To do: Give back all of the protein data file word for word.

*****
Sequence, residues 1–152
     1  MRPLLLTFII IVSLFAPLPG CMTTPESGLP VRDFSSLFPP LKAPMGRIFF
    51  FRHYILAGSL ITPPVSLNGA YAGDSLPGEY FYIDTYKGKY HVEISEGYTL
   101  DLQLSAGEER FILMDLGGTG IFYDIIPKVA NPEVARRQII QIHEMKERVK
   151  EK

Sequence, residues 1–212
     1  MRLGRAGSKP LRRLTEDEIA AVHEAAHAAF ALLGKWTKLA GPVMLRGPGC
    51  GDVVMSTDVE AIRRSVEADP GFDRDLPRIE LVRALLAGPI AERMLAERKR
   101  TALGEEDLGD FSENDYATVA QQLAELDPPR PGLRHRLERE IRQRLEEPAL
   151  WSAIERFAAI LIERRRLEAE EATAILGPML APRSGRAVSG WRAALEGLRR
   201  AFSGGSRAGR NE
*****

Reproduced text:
Sequence, residues 1–152
     1  MRPLLLTFII IVSLFAPLPG CMTTPESGLP VRDFSSLFPP LKAPMGRIFF
    51  FRHYILAGSL ITPPVSLNGA YAGDSLPGEY FYIDTYKGKY HVEISEGYTL
   101  DLQLSAGEER FILMDLGGTG IFYDIIPKVA NPEVARRQII QIHEMKERVK
   151  EK

Sequence, residues 1–212
     1  MRLGRAGSKP LRRLTEDEIA AVHEAAHAAF ALLGKWTKLA GPVMLRGPGC
    51  GDVVMSTDVE AIRRSVEADP GFDRDLPRIE LVRALLAGPI AERMLAERKR
   101  TALGEEDLGD FSENDYATVA QQLAELDPPR PGLRHRLERE IRQRLEEPAL
   151  WSAIERFAAI LIERRRLEAE EATAILGPML APRSGRAVSG WRAALEGLRR
   201  AFSGGSRAGR NE